Material selection can make all the difference when bringing a simple design idea to life. From cross linked polyethylene (XLPE) to acrylic foam tapes, our Material of the Month series highlights the benefits of these unique materials. This week, we’re featuring EPDM rubber.
What is EPDM Rubber?
Ethylene propylene diene monomer (EPDM) rubber, also known as synthetic rubber, is a smooth elastomer used in a wide variety of both specialty and general-purpose applications. It is resistant to heat, weather, and steam, and also functions as an excellent electrical insulator.
Benefits and Uses
EPDM rubber is exceptionally resistant to heat, oxidation, electricity, ozone, weather aging, and polar solvents such as alcohol, water, ketones, alkalines, and diluted acids. The water resistance and insulating qualities make EPDM rubber a popular choice for cable-jointing and other electrical applications.
EPDM rubber’s most frequent use is in seals for automotive vehicle windows, doors, and trunks, as well as cold-room doors, such as a refrigerator. The material’s strong insulating properties help to prevent water, heat, or cold from entering the sealed environment.
Other common uses of EPDM rubber include:
- Automotive weather stripping
- Tubing and hoses
- Glass-run channels
Custom Fabrication at CGR
At CGR Products, we offer smooth, black commercial EPDM sheet rubber with thicknesses ranging from 1/16” to 1/2” and a PSI of 725. Our precision die cutting, knife cutting, and waterjet cutting services can trim synthetic rubber sheets to fit the exact shape and size required for your application.
Want more information about working with EPDM? CGR offers charts with information about ethylene propylene’s relative costs and average temperature ranges.
VHB Tapes can replace mechanical fasteners, liquid adhesives and more
This blog is the first in a new CGR Products content series titled “Material of the Month.” The series will spotlight some of the unique materials and their applications that CGR works with.
Our first material on the list is acrylic foam tape.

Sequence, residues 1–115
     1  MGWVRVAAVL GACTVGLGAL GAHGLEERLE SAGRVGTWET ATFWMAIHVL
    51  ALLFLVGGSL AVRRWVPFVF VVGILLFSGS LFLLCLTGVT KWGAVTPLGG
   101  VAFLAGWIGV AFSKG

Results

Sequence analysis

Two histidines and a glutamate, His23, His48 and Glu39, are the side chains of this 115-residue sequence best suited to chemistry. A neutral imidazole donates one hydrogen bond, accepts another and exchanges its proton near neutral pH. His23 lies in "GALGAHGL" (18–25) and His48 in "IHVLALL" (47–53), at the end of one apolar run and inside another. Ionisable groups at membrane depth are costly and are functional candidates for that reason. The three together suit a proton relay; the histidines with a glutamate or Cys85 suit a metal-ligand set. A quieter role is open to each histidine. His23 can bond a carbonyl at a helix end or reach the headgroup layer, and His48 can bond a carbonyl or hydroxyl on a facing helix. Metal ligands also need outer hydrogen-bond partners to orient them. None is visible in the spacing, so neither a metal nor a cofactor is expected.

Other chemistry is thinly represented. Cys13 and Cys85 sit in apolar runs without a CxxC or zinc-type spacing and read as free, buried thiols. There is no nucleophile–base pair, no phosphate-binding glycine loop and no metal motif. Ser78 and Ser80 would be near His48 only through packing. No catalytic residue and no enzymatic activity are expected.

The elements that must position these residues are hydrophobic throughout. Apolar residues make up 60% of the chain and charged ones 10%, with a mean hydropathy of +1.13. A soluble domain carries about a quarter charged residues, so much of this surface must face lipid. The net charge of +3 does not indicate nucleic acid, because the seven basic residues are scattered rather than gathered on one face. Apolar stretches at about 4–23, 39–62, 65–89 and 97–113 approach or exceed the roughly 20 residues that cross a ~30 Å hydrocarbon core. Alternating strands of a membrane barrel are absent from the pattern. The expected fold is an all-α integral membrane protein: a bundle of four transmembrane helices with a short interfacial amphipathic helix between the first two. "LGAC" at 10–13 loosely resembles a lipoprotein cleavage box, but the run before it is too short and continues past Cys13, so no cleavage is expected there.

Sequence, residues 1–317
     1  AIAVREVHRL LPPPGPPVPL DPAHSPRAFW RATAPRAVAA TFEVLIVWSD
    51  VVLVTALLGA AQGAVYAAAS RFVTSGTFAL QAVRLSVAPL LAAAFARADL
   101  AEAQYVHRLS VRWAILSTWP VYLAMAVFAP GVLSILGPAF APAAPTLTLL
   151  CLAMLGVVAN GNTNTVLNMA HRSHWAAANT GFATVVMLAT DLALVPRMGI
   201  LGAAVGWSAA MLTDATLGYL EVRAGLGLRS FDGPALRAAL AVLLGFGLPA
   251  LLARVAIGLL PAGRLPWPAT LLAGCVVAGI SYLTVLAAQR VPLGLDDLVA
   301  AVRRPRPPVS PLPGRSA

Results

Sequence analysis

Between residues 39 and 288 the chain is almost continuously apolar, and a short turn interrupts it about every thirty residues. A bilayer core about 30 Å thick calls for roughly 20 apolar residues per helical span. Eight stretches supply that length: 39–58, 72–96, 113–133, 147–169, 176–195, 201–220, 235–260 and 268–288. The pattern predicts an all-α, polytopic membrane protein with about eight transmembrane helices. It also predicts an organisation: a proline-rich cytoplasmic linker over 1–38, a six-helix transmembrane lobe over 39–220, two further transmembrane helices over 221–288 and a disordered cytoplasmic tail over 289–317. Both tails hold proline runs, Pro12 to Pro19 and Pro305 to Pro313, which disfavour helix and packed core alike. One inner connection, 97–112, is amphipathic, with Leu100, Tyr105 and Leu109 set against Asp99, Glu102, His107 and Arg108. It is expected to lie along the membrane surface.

What is acrylic foam tape?
CGR handles and converts a wide range of acrylic foam tapes manufactured by 3M. Very high bond (VHB) tapes can act as a fastener in place of mechanical fasteners, liquid adhesives, and more in certain scenarios.
The closed-cell foam is viscoelastic, utilizing energy-absorbing, and stress-relaxing properties. VHB can also conform to the irregularities of all rigid substrates, even when there might be a slight mismatch, while maintaining high internal strength.
Benefits and Uses
Acrylic foam provides outstanding strength and durability for even the most demanding applications. It offers an instant and permanent bond for both static and dynamic forces in exterior and extreme conditions. The material can absorb shock against wind, vibrations and other high performance stresses.
In tests, the VHB tapes yielded 92% retention of peel adhesion after the roll was aged for more than 5 years at 150°F. Initial tack and liner release properties were still excellent, proving VHB’s ability to tolerate long-term exposure to periodically elevated temperatures.
In addition, the all-acrylic construction of these tapes offers:
- Resistance to extreme temperatures, UV light, moisture, and solvents
- Sealing against environmental conditions
- Prevention against bi-metallic corrosion
- Elimination of pull-through, dimpling, and weld distortion
Custom Fabrication at CGR
As a 3M Preferred Converter, the CGR team has years of experience customizing acrylic foam tapes to fit specific shapes, sizes, and profiles for different projects. Our precision die cutting services, including rotary and flatbed die cutting, as well as die-less knife cutting can deliver custom kiss-cut parts on a continuous roll or pad, ready to use.
To access performance data and learn how 3M VHB tape can benefit your application, visit our library of technical data on acrylic foam tapes.
Prevent degradation to your application with a Chemical Compatibility Guide
Each and every elastomer material — and family of materials — comes with specific capabilities.
Elastomers demonstrate resistance to harmful chemicals and fluids, but they vary greatly in performance depending upon the material in question. It’s crucial to the success of a project to prevent failure or degradation from chemical exposure by choosing an elastomer with the right resistance properties.
For example, both Natural Rubber (NR) and Butyl are classed as General Purpose, Non-Oil-Resistant elastomers. But their performance is very different.
Natural Rubber is resistant to most moderate chemicals, wet or dry, including organic acids, alcohols, ketones and aldehydes. It is generally attacked by strong Acids, fats, oils, greases, and most hydrocarbons.
Butyl, however, resists animal and vegetable oils, greases, and strong and oxidizing chemicals. It is attacked by petroleum solvents, coal tar solvents, and aromatic hydrocarbons.
Having a Chemical Compatibility Guide like CGR’s on file is helpful for breaking out these particular traits so you can choose the proper elastomer more efficiently. The chart can be used to rule out any elastomers with undesirable vulnerabilities for your project, covering information such as:
- Types of elastomers and their ASTM designations
- The chemicals that each elastomer material resists
- The chemicals that degrade the materials
- And more
CGR Products specializes in cutting and fabricating flexible, non-metallic materials into custom parts, shapes, sizes and forms for markets of all kinds. We work with an immense range of materials, including acrylics, adhesives, nitrile, neoprene, polyurethane, and many more.
Download your copy of our Ultimate Chemical Compatibility Guide from our resource library today, or call the team to discuss your particular project.